This was one of the worst floods to hit southern Alberta after it left left two people dead,
communities like Canmore and High River devastated, literally shutting down the City of Calgary, and issueing a State of Emergency on Canada’s second largest First Nation, the Siksika Nation,
“Due to the significant amount of damage due to the flooding, emergency officials and volunteers on the Nation will continue to monitor the situation,” Chief Fred Rabbit Carrier said.
Siksika Nation is still in a State of Emergency and is striving to meet the needs of flood victims in this southern Alberta First Nation. Siksika Nation is located 100 km east of the City of Calgary along the Bow River and the recent flooding has affected approximately 200 homes in six communities on the Nation. Due to the major flood damage, approximately 1000 residents had been forced out of their homes in a Nation with 7000 members.
A boil water advisory had been issued to all areas of the Siksika Nation and residents were being advised to limit water usage to essential needs. All Siksika Nation schools were closed the day after the flood hit.
An emergency Reception Centre was set up at their local Deerfoot Sportsplex and a number of displaced Siksika families used the facility to wait out the disaster before venturing back home after a few days to survey the damage to their homes.
The two main bridges that connects the reserve’s south and west sides on highway 547 and highway 842, were both closed leaving residents as well and the entire region forced to find alternate routes. Both highways are key to get from one end of the reserve to the other and are main routes for srrounding towns like, Arrowood, Vulcan, Bassano, Milo and Gleichen to get through Siksika Nation. In fact some drivers had to go as far as Calgary just to cross.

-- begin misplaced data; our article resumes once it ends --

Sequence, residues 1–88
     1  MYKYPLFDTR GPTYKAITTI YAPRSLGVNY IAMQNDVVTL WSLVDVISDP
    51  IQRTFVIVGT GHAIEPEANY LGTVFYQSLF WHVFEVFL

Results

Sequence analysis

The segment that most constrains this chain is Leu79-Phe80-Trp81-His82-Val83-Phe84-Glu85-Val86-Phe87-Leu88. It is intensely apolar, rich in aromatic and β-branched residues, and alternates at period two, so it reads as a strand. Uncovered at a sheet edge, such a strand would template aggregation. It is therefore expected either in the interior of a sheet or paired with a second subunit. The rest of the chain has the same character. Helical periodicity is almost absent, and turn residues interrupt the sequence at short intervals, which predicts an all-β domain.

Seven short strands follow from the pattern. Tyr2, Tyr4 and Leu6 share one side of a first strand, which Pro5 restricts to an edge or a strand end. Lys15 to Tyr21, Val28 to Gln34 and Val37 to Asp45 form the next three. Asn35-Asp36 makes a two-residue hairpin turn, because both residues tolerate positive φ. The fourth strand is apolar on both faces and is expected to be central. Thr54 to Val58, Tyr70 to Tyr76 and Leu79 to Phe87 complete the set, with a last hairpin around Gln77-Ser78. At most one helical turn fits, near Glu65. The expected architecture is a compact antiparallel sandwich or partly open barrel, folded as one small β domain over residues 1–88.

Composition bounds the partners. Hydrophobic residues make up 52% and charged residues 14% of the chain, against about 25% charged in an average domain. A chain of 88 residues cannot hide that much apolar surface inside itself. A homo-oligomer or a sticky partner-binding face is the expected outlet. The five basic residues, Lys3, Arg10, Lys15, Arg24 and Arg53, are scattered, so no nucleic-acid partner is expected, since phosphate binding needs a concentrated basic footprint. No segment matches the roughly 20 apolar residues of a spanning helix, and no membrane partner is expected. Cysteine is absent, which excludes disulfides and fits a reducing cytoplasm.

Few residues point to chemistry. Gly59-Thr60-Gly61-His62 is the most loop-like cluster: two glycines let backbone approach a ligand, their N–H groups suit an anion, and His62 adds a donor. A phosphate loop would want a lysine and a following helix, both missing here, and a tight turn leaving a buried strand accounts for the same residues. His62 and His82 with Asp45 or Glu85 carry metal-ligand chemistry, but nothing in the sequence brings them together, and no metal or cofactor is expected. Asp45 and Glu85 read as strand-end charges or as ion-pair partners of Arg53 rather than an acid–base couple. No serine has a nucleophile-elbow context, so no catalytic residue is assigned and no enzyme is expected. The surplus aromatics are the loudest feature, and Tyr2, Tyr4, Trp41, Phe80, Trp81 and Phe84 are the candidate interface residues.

The flooding has rendered many homes uninhabitable and approximately 200 homes have been evacuated and many of the Nation’s members are struggling to find accommodations and basic provisions. Consequently, the Nation is accepting donations to secure safe and adequate interim housing for those who have been forced to leave their homes and to assist with the disaster recovery process.
Residents are still being asked to stay out of their damaged homes but were bussed out to the communities to survey the damage. Damage to the homes has been assessed and residents will be notified of the status of their home during the tour. Storage units will be brought into the damaged communities so they can clean up can begin and recover items to be stored.
Some of the evacuees have been camping on higher ground overlooking their homes while others have been taken in by relatives or have been staying in hotels in surrounding towns.
Premier Alison Redford also made a visit to the reception centre on July 2nd and surveyed some of the affected communities and was notified of Siksika’s plans to assist evacuees by bringing in ATCO trailers for short term housing. Mobile homes not used in the Slave Lake fire disaster will also be brought in to meet housing demand.
On Wednesday, July 3 those affected by the flood were able to receive flood assistance from the provincial government. Debit cards preloaded with $1250 for adults and $500 for children were disbursed between at the Siksika Resource Developments Ltd. Building (SRDL).
Siksika Nation appreciates all the efforts of the volunteers during this ongoing crisis and the donations of items. However, due to the overwhelming donation of clothing and limited storage space, at this time Siksika Nation is now only requesting financial donations to meet the ongoing needs of the evacuees.
Anyone wanting to volunteer to help out during this emergency can phone or go directly to the Deerfoot Sportsplex and they will be assigned emergency duties. To volunteer or to get report issues or updates, individuals can call the Command Centre at: 403-734-3999.
Donation inquiries can be made to 403-734-3600.
‘Siksika Nation Disaster Relief Fund’
BMO Bank of Montreal
P.O. Box 1429